Is The Wall-E Future Closer Than We Think? (Part 2)

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Is The Wall-E Future Closer Than We Think? (Part 2)

This is the second of several articles that hypothesize a possible future where people will spend a significant portion of their days inside their homes. This article in particular is about food.

Let’s go back to Alex, our protagonist from the first article. He’s feeling a little hungry, yet he doesn’t feel like cooking and doing the dishes afterwards. He picks up his iPhone and texts a pizza emoji to the nearest Domino’s. Forty minutes later, a steamy triple-meat pizza is delivered to his door. He greets the delivery guy, scribbles a tip on the receipt, and takes his dinner inside.

It is now extremely convenient for people to order food to be delivered at their doors. There are numerous mobile apps that allow ordering, with the delivery fee as the only obstruction to a tasty meal. However, with the growth of self-driving cars (and the rise of meal delivery services such as Ubereats), this cost is projected to go down in the future. In the case of DoorDash, the cost of delivery is secretly added to each item on the menu so that it looks like there is no downsides of ordering through the smartphone app.

To appease a larger portion of the market, restaurants must somehow circumvent the laws of food chemistry so that a wider range of foods can be delivered. One of the biggest faults of the delivery system is that it’s struggling to innovate outside its two strongest products: pizza and Chinese food. People usually don’t order something like fish to be delivered because its quality usually drops while sitting in the car. When food has a chance of being ruined while being delivered, people are hesitant to order anything that they’re not comfortable eating after thirty minutes of waiting.

One way to tackle this problem is to make cars more tailored to food delivery. In the case of Domino’s, it has designed DXP (or Delivery Expert), a car that heats up the pizza while delivering. With cars becoming more custom-made to transport, combined with the potential of dropping delivery costs with self-driving cars, ordering for delivery will become a more appealing option. If these cars utilize electricity as well, gas will be another cost that can be prevented. Essentially, these cars will act as extremely efficient delivery machines.

Some people would argue that there is a social aspect to eating outside with others. One noticeable trend among young adults are the growing number of “foodies”. Nowadays, people are obsessed with trying new foods, capturing these moments in photographs, and sharing it with friends on social media. The appeal of this process wouldn’t be the same if food was always delivered at your door, so some believe that there will always be a demand for dining-in. However, this trend might change as already, 26% of American consumers order delivery or takeout at least once a week. So how will this change the role of restaurants?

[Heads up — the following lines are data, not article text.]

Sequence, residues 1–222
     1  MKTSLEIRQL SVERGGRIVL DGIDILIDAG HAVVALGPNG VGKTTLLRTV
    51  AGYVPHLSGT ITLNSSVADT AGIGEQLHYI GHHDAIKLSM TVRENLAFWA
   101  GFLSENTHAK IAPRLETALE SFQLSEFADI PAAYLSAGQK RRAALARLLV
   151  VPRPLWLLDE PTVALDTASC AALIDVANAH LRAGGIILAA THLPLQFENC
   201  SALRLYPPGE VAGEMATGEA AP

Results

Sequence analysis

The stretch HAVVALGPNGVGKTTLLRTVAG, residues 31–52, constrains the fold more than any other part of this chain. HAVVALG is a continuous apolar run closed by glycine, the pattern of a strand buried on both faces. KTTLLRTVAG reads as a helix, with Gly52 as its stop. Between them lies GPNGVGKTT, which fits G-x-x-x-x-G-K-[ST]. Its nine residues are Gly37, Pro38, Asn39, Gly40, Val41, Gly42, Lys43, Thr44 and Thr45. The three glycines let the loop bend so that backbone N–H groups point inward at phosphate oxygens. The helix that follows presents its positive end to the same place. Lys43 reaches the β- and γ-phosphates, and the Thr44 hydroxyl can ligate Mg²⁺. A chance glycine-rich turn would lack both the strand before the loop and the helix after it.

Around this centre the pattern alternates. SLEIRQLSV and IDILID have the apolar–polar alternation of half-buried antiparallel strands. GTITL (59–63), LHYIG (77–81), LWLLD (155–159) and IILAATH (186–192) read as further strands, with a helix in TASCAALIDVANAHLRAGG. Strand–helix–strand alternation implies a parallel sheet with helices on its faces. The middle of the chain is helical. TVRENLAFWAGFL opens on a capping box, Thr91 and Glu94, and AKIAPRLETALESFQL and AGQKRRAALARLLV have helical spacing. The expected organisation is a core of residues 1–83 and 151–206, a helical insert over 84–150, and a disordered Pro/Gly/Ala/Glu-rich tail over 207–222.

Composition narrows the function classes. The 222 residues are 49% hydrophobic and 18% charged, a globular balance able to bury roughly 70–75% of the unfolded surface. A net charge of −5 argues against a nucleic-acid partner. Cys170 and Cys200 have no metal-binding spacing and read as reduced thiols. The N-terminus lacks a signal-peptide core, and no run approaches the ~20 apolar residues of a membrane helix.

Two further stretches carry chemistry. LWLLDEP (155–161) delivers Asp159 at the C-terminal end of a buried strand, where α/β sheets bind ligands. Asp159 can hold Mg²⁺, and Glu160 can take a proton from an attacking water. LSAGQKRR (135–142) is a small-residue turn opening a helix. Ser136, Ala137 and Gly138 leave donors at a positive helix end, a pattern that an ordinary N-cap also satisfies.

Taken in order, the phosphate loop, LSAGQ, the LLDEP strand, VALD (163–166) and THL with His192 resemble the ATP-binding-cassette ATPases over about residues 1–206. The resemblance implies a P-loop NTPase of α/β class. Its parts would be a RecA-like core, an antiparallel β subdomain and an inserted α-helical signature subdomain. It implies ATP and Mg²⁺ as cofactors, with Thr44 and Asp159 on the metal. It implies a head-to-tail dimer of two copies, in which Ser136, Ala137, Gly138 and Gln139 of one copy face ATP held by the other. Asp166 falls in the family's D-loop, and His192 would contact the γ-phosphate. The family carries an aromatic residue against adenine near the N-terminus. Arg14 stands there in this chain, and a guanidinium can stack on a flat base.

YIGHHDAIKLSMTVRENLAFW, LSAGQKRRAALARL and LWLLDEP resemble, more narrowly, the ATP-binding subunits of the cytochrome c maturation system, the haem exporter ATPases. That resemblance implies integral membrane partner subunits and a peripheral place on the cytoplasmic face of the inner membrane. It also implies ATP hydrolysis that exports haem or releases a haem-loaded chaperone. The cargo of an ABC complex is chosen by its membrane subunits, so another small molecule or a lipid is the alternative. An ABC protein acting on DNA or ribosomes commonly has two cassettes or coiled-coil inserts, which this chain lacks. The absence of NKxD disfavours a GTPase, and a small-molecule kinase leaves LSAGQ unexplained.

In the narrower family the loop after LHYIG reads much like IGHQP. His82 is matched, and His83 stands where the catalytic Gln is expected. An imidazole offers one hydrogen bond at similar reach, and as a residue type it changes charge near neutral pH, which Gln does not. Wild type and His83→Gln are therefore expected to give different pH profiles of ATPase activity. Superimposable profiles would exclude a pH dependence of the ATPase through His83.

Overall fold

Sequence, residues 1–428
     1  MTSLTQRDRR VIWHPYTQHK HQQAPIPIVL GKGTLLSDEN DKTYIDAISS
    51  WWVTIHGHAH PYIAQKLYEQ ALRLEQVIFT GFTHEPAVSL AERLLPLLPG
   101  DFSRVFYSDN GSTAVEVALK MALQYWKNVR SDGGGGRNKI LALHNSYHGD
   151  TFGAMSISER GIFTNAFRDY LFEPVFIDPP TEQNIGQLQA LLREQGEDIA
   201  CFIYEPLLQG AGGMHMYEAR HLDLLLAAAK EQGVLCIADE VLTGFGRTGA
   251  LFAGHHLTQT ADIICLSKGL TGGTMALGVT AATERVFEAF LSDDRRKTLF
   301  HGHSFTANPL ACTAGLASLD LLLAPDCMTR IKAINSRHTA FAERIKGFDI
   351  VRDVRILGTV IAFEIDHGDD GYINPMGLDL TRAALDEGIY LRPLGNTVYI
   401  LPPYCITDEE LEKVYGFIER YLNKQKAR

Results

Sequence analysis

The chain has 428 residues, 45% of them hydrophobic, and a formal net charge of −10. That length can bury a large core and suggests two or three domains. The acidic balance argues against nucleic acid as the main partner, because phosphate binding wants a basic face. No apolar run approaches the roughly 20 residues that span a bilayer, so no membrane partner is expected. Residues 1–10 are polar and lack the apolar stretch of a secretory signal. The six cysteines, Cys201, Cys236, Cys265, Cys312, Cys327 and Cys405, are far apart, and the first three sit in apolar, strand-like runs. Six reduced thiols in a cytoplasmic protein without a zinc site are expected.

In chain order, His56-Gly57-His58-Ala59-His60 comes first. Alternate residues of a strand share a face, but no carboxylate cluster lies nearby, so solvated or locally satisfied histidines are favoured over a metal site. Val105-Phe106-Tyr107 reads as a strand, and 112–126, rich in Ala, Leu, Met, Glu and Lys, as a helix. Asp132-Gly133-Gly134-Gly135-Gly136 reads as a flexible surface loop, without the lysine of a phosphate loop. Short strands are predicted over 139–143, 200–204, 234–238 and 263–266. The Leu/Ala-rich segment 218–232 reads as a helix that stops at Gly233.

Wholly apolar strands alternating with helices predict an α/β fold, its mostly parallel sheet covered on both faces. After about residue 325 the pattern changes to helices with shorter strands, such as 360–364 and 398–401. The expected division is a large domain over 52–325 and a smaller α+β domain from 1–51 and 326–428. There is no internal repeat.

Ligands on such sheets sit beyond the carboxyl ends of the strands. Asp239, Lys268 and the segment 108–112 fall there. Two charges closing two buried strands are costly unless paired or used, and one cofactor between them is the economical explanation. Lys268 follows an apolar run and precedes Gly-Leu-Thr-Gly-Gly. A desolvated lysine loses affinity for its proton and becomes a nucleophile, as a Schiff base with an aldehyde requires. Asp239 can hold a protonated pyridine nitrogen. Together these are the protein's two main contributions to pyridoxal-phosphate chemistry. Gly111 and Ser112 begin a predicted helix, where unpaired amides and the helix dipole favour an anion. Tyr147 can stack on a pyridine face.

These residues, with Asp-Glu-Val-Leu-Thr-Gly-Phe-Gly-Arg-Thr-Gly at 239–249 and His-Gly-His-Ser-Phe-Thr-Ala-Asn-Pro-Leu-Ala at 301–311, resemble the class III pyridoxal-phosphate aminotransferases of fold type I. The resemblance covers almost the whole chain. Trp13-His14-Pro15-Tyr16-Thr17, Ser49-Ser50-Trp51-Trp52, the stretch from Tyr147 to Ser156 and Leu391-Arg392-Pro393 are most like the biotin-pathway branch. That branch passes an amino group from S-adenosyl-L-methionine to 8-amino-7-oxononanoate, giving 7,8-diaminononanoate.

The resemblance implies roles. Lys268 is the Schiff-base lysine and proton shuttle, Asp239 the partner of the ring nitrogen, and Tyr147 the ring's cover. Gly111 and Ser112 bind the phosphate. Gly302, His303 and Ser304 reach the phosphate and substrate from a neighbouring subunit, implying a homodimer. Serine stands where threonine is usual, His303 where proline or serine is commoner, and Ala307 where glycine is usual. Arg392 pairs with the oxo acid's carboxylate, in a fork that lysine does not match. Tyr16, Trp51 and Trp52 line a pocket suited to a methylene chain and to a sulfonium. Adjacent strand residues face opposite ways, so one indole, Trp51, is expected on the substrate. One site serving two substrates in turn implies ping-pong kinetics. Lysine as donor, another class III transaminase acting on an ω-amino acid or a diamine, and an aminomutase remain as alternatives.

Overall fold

In the future, there will probably be less space in the restaurants for dining-in, as less people will have reasons to eat outside (see first article). The price and quality of the food will correlate to how quickly that the restaurant will adapt to delivery. You wouldn’t want to eat food from a five-star restaurant at home, because you’re paying for not only the expensive food, but also the experience of eating in a lavish room at candlelight. However, when it comes to that Big Mac that you’ve been craving, it would be most convenient if it was delivered at your door while you’re finishing up some work or watching the newest Game of Thrones episode.

Some restaurants are already changing to delivery-only, such as Ando, a restaurant created by David Chang, owner of the popular Momofuku restaurants. The convenience of delivery makes it affordable, since the restaurant is only focusing on creating and shipping the food. This way, it’s cheaper than other restaurants that offer the same menu. People choose this option because of the simplicity: a quick tap on a screen and food is shipped to your door. When an account with the restaurant is created online, all your information, including where you live and your credit card number, is saved for future orders.

So how will food delivery change the current dynamic of how we eat? Currently, we eat with others outside, or we cook for ourselves inside. But in 2015, for the first time, restaurant sales have surpassed grocery sales, highlighting how we find it more convenient to buy cooked food. Although people have been eating out together for many generations, recent trends show that this might be a practice that will decrease in frequency over time. People will always find other ways to interact and socialize, but with the growing advances in food delivery, they will have one less reason to leave their homes.

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